With regard to our fourth hypothesis, stating that a lower readiness to change and more severe ED symptomatology would be associated with higher scores on the SNS use motives of reputation management and negative use (H4; [36], we could argue that the motives domains of Impression Management and Passive Use fit the description of motives in H4. The only motives dimension that was related to readiness to change was ‘Impression Management’ (i.e. social pressure, self-presentation, and popularity motives). More specifically, we found that individuals who used SNS to promote themselves, that is, wanted to be more popular or used it because they felt social pressure, were also less ready to change their unhealthy eating disordered behaviours. This latter may be very related to the finding that those who invested more in their online photos (i.e. posting and editing selfies) [7, 54] showed more eating disorder psychopathology than those who did not. Posting and editing selfies might be considered a form of online impression management. Results suggested that the lower the readiness to change, but the higher the body satisfaction, the more likely the participants were to use SNS for the purposes of impression management. Given that the present study found a positive correlation between body satisfaction and readiness to change (see Additional file 2: Table 2), this appears to be counterintuitive. However, it is possible that those who are more satisfied with their bodies would be more likely to show themselves for the purpose of recognition by others. Indeed, a recent study showed that higher body satisfaction was associated with greater Instagram selfie-posting in a sample of young women [7]. Here, to further elucidate these assumptions, it is important to study such reciprocal relations of how motives for social media use and ED symptomatology mutually affect each other in future longitudinal studies. The clinical implication is that using SNSs for impression management purposes could potentially hinder treatment and/or recovery of ED patients.

To continue on the dimension of Impression Management as an underlying motive for SNS use, age emerged as a significant negative predictor of the impression management motive dimension. Although age was not one of the specific variables of interest in this study, findings here hold important implications for the clinical practice. That is, the younger the participants, the more likely they were to be motivated by creating an identity for the purposes of popularity and social expectations. Young individuals are in the process of developing their identities and are therefore more likely to be concerned about others’ perceptions [6]. This is an important additional finding suggesting that clinicians and parents may need to pay special attention to young SNS users’ motives, rather than their total screen time.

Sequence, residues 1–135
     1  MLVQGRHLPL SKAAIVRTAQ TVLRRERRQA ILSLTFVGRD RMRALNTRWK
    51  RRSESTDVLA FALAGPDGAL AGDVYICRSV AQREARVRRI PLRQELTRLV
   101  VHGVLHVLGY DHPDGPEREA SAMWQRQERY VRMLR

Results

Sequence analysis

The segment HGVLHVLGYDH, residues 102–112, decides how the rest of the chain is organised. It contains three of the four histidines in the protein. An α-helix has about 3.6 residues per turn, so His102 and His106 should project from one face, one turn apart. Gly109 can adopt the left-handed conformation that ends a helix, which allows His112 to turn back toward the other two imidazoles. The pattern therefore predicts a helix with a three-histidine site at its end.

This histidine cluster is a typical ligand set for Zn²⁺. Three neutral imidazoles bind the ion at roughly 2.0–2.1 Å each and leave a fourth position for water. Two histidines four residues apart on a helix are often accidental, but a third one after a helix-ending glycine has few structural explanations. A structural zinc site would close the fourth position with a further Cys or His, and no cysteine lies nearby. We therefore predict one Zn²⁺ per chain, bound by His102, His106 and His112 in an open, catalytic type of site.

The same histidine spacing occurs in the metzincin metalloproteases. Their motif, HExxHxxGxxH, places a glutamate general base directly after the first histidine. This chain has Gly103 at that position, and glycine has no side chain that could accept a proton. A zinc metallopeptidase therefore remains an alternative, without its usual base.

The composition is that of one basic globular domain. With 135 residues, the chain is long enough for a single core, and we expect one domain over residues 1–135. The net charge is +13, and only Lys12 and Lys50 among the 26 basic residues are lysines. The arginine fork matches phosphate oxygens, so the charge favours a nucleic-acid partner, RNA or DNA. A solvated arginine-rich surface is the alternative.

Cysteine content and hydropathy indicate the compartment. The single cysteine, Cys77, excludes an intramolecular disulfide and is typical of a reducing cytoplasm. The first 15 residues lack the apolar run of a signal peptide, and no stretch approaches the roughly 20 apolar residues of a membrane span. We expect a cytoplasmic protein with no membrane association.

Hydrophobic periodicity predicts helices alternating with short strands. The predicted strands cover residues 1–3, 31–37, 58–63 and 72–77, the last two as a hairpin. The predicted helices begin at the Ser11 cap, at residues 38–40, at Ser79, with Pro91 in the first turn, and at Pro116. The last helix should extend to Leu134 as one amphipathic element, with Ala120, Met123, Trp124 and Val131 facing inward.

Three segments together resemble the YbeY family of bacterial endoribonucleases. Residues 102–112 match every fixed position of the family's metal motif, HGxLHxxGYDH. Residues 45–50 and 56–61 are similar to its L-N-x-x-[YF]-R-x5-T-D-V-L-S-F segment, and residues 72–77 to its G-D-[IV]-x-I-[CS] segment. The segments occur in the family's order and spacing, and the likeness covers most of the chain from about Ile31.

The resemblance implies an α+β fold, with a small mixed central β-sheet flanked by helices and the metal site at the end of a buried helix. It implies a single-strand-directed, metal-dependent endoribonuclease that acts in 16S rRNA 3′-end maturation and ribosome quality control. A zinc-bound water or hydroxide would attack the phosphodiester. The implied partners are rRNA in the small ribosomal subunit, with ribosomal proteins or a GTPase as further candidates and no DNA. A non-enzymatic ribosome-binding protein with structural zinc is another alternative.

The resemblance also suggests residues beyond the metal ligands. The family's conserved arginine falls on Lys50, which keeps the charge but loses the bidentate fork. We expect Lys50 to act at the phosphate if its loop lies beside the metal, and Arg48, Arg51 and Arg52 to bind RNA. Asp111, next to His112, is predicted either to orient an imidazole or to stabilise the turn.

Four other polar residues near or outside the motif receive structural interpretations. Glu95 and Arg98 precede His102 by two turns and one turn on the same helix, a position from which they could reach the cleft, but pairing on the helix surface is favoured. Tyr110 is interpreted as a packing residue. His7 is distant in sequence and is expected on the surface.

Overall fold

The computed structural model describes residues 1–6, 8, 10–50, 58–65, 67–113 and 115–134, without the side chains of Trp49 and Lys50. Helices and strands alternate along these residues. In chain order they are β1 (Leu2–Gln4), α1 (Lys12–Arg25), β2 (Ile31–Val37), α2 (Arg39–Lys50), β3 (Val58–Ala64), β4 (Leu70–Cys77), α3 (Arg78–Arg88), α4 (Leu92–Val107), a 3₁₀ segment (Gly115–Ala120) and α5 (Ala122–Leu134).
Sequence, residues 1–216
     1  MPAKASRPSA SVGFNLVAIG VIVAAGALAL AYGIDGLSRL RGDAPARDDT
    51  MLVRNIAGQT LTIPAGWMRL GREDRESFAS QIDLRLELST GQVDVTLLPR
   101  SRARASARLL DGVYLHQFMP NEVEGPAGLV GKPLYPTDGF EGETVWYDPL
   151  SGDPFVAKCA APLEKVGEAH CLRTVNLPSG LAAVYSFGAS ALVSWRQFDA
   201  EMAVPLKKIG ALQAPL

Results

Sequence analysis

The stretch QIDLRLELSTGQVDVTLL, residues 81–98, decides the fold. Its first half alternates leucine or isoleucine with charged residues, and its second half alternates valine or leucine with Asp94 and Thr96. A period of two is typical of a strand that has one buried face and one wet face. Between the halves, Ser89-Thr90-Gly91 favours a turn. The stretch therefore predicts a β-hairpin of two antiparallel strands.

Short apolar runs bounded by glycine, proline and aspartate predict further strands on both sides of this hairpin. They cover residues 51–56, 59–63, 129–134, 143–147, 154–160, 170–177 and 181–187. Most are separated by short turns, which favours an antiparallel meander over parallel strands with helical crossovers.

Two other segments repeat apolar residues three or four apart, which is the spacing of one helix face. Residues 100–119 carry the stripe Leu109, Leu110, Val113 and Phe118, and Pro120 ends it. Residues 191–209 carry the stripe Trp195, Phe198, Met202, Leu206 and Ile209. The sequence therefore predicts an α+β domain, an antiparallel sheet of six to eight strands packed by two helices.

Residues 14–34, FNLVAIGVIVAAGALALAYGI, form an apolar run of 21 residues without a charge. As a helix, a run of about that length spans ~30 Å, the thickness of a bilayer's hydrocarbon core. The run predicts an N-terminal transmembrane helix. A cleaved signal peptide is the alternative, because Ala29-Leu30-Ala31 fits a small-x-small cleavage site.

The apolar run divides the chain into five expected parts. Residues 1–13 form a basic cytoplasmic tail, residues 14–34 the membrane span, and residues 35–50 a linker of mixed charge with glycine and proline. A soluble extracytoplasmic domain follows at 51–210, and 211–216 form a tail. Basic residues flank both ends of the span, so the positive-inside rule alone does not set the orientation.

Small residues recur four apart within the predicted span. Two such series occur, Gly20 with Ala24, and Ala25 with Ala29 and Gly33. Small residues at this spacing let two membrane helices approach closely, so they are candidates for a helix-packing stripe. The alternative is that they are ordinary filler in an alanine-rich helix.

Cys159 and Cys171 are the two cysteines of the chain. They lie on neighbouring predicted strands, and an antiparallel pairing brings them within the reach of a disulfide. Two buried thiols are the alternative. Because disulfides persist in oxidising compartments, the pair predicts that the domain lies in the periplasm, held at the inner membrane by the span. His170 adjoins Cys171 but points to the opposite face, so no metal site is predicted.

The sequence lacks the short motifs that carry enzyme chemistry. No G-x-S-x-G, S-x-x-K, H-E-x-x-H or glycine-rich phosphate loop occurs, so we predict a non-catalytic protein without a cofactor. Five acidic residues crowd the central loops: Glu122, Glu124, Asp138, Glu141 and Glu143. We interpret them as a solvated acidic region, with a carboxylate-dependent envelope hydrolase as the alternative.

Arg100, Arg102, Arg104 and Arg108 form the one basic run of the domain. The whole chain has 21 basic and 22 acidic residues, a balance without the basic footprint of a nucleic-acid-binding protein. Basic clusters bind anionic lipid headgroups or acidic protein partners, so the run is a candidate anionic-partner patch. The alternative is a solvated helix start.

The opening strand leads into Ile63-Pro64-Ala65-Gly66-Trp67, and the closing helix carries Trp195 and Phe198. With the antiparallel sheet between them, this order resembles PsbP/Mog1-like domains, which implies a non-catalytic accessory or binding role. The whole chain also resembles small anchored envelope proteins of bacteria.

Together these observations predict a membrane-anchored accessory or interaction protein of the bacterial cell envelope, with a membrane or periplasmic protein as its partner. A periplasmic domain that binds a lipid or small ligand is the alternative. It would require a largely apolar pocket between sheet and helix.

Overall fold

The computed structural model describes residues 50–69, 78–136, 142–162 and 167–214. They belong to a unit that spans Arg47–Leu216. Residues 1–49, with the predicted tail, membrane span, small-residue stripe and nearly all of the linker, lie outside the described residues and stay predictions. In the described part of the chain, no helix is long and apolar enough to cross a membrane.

None of the clinical variables of interest were significant contributors to the model predicting using SNSs for the purposes of passing time and avoiding negative emotions (the Passive Use factor). Although we have not specifically measured ritualistic and compulsive use as underlying motives, in further reasoning from these findings in the present study, one could argue that the results are not overly supportive of Perloff’s [36] idea that more vulnerable people (i.e., people with lower self-esteem, lower body satisfaction) are more likely to use SNSs repetitively and spontaneously to seek reassurance, procrastinate, escape from their problems and to reduce loneliness. Instead, from the high overall endorsement of escapism, avoiding loneliness, surveillance, and habitual use, our findings rather seem to suggest that these reasons may be common motives unrelated to ED symptoms. Indeed, Whiting and Williams [53] found that passing time and relieving boredom were important motives among their sample from the general population, with many of their respondents reporting that SNSs help them escape from reality and get away from daily stresses. This suggests that these may be universal SNS motives.

Strengths, limitations and future research

As goes for all studies, our study has some strengths and limitations that can be considered, also in light of recommendations for future studies. First, we consider it a strength that we included participants with (current or past) clinical levels of eating disorder symptomatology, thereby addressing a vulnerable target group that is understudied in social media effects research. Furthermore, we form an interdisciplinary research team and combine principles from media psychology and communication science with the expertise of researchers within the ED-field.